Bewertung für U.S. Army als Non-commissioned Officer
Non-commissioned Officer22 Bewertungen
22 Bewertungen entsprechen dieser SucheAlle 77.168 Bewertungen ansehen
Top-Bewertung auf Indeed
Hilfreichste Bewertung, ausgewählt von Indeed
If you love your country, exercise and you want a leg up the rest of your life join the Army or another service that appeals to you and take your turn. Three years might seem like a lot to a young person but it goes fast and you will leave with friends and experiences that you will have for the rest of your life.
VA Benefits, GI Bill, Govt hiring preference.
Being away from family.
I had to be ready to do what I am called to do at the same time, I had to display leadership through action. There were some difficult moments one for example; taking on the responsibility of leading a company on missions and preventing international conflict with allied nation. I cannot please everyone, but I have learn to adapt to the situation and use proper methods to allow everyone to agree to a common ground which lead to the success of the missions assigned.
I served 26 years as an 12B Combat Engineer, as a Mobility and Counter Mobility Specialist for the first thirteen years of my career. I constructed obstacles, and in some missions, I had to demolish or destroy enemy emplaced obstacles by way of demolitions and explosives. The latter half of my career, I spent in battalion and brigade level staff. I served as the Training and Schools and Operations Supervisor.
Lots of time away from family.
perfect if you want something quick to turn your life around. Career Progression is completely dependent on you. As far as you desire to go is absolutely possible with the right proper attitude and self motivation
I joined the military to become a Military Police Officer, and I was successful. After 3 years, I changed to become a NBC agent. NBC=Nuclear, Biological, Chemical. I was assigned to a unit in Germany and was responsible to train the entire battalion how to successfully deal the NBC issues that may occur. I was also the Battalion Commanders driver, so I was able to see all of Western Europe. By far the best thing to happen to me in the military was when I met my future wife and we had a baby girl.
See the world. Do amazing things. Meet amazing people. o Free exercise program available every workday, 0530-0700. o Benefits program CANNOT BE BEAT BY ANY OTHER EMPLOYER IN THE WORLD. o Opportunities for training and advancement are available to those who work hard. For mediocre performers, there will be opportunities as well, just not as good. o The organization does a lot to care for its members' families. o Many opportunities for worldwide travel, often to very unique and exotic locations. o Camping! Backpacking! o You will get to play with lots of guns and explosives, big trucks and machines and, of course, brooms.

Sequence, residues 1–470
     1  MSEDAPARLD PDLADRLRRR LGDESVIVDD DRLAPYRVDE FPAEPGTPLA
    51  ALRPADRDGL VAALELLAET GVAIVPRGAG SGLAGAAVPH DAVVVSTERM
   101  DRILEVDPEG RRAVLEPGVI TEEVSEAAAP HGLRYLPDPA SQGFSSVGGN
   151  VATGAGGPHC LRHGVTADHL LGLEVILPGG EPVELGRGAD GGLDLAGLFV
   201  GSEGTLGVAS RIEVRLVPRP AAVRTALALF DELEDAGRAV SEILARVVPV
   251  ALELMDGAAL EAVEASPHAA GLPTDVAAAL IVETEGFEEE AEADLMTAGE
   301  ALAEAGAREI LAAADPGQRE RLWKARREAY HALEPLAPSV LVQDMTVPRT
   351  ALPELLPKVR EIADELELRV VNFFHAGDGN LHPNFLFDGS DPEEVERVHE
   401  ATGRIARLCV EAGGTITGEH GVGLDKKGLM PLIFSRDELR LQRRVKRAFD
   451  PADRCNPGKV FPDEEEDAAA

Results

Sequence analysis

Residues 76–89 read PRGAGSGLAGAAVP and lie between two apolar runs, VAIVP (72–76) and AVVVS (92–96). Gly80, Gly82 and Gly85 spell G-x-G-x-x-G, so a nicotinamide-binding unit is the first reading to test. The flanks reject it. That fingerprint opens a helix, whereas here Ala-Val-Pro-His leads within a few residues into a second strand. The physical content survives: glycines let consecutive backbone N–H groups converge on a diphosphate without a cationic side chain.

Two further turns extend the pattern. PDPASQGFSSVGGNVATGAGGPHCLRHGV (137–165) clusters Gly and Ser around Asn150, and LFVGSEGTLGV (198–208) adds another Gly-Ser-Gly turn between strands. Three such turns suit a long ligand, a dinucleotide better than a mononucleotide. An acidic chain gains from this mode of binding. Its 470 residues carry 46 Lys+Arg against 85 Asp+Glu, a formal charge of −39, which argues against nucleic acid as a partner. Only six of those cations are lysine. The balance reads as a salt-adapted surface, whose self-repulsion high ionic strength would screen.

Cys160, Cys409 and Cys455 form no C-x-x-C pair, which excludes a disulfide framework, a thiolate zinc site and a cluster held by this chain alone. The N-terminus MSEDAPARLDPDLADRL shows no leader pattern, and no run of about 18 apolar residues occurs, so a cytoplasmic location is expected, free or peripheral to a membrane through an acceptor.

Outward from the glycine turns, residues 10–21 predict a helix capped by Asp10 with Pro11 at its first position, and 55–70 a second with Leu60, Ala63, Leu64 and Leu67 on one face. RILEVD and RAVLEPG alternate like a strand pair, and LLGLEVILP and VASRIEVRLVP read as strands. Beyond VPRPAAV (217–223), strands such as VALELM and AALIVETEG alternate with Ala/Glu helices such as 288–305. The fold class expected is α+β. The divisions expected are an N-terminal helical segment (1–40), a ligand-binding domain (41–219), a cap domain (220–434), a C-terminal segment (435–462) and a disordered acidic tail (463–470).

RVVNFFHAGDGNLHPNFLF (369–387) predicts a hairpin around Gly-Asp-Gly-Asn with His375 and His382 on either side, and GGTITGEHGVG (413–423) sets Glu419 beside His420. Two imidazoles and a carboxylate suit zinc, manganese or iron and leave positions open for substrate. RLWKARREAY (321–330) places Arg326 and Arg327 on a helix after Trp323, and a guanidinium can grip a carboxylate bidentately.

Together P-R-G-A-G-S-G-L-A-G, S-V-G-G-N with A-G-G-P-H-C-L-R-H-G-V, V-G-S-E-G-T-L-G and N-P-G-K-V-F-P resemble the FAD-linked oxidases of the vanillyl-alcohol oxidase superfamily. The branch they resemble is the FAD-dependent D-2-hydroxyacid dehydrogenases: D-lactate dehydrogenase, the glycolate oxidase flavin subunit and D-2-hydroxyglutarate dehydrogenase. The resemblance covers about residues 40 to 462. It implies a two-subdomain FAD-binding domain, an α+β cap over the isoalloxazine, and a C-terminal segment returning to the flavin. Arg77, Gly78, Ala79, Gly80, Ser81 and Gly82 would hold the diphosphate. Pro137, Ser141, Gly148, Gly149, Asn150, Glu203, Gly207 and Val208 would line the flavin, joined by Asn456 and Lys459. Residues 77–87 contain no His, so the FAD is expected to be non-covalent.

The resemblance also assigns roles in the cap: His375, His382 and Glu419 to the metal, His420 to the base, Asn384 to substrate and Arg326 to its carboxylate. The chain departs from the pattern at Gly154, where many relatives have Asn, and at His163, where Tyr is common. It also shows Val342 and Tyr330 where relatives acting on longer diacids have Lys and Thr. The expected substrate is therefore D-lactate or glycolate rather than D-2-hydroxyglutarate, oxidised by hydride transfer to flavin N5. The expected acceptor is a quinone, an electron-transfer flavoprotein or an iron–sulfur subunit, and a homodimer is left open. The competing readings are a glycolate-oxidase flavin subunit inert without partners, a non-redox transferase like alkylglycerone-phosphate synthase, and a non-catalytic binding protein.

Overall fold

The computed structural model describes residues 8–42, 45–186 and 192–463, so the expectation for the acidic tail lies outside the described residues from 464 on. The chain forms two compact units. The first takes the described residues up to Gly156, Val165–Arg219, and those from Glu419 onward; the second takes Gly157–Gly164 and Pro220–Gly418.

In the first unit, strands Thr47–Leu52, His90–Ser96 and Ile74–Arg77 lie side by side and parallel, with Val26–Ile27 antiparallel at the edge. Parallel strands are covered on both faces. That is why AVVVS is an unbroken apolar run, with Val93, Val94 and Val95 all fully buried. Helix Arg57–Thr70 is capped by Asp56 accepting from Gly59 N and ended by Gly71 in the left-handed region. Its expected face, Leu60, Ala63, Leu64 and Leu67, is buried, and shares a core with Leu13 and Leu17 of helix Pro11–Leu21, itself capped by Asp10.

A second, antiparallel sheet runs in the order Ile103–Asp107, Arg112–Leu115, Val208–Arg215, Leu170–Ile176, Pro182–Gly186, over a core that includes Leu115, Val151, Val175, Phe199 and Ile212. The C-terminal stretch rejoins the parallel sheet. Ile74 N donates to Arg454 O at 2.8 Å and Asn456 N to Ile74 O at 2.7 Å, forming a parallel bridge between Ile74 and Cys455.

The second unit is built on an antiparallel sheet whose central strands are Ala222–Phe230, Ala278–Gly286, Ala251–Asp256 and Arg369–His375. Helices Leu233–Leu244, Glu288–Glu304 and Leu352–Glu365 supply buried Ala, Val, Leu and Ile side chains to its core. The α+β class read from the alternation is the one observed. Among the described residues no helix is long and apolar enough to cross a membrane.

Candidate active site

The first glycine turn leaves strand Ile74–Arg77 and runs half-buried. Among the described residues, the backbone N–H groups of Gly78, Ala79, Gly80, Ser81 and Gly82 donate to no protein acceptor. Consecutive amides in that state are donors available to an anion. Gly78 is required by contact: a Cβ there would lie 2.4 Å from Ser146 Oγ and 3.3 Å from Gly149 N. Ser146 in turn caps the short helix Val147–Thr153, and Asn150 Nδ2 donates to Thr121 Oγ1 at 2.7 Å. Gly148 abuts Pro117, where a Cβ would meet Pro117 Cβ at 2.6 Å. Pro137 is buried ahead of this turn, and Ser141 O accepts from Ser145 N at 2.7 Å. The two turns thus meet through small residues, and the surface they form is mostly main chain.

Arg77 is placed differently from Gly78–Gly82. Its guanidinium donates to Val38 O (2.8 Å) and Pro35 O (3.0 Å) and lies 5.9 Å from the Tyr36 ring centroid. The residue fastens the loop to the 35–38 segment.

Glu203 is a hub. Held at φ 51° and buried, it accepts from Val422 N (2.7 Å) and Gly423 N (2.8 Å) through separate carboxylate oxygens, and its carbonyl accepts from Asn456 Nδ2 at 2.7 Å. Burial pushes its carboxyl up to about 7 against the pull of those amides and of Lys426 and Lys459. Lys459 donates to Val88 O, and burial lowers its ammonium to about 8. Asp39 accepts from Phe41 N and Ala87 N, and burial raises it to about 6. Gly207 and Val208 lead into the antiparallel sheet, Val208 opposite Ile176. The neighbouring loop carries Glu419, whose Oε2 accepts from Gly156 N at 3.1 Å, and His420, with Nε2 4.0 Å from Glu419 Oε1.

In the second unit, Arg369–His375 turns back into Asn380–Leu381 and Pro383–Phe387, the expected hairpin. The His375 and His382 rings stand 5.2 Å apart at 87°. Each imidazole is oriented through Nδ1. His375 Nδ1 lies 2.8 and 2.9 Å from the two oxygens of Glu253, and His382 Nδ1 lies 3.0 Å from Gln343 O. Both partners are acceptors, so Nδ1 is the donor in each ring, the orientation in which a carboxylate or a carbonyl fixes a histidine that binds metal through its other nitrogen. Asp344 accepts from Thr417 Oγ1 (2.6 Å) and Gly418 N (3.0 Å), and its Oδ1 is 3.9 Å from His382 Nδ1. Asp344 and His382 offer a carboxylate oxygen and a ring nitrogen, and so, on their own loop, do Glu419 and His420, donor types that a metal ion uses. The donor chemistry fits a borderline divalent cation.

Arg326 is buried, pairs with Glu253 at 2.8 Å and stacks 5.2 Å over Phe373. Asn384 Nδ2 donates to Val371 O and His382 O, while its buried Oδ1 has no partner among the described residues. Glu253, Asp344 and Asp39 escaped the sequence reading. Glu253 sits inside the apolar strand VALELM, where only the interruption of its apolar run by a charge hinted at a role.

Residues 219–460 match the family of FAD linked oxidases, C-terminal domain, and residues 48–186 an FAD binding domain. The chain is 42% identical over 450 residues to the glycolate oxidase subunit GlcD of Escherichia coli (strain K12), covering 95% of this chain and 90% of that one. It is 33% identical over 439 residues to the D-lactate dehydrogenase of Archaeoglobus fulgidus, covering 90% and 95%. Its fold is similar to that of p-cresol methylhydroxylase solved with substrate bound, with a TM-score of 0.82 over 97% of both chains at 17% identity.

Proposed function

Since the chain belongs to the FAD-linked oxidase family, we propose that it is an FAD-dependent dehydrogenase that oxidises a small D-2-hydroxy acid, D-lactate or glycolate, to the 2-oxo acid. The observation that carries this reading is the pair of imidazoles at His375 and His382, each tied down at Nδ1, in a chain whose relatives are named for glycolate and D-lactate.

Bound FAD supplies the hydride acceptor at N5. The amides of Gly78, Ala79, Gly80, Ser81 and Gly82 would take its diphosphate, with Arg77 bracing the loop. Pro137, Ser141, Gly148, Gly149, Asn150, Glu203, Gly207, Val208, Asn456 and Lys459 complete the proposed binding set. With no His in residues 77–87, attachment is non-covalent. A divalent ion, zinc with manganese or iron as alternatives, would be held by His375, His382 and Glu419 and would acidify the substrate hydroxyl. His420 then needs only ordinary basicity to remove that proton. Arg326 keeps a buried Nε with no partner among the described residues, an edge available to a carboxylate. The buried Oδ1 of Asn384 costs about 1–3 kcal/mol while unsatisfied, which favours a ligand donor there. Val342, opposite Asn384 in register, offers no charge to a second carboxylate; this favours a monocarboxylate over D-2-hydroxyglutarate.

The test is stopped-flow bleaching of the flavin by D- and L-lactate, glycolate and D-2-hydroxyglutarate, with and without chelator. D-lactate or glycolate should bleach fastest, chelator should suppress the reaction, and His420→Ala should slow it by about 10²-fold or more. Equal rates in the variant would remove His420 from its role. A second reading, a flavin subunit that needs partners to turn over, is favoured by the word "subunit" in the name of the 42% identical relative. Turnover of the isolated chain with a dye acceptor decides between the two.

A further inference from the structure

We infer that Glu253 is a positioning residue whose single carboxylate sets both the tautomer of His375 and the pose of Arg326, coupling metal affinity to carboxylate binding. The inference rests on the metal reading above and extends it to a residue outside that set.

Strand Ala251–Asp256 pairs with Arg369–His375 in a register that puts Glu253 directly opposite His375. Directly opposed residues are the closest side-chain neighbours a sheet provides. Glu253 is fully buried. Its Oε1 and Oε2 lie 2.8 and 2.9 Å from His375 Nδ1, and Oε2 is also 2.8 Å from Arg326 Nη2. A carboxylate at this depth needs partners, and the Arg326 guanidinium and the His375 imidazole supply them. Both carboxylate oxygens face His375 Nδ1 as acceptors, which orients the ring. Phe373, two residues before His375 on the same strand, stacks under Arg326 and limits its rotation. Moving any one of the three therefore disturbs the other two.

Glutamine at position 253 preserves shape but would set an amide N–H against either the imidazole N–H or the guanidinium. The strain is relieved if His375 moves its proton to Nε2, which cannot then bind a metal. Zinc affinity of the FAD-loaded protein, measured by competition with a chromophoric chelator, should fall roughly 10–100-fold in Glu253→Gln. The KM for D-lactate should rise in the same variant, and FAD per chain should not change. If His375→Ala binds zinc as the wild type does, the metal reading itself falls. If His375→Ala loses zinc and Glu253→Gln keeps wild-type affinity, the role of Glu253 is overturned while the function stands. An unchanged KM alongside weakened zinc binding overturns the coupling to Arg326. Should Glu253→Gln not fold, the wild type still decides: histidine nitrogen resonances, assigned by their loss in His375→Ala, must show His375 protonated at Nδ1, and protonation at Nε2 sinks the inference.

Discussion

learn skills, leadership and many intangibles that will allow you to succeed in your career and have a rich, fulfilling life. Plus you get to shoot a lot of things and blow stuff up.
At times the Army will be the hardest thing you have or will ever do in your life. Also, war and politicians kind of ruin the fun.
Here I was able to work with Special Forces and facilitate their training in a conventional force setting. I coordinated everything for them down to ammo and worked with them during each training event insuring there were no issues.
Joined the US Army right out of High School. They taught me discipline and patients. I was able to finish my BA of Business Communications while I was active duty. When I got out of the Army I already had a job waiting for me. The training in communications and my full time job allowed me to get a job immediately.
3 hots and a cot
Long deployments away from family
The unit is small and close nit with less than half of the staff made up of military members. Like all units, the requirements and expectations of what must be done far outpaces the resources available. The clinic leadership are very supportive of their staff and go to great lengths to develop their employees for long term service in the AMEDD.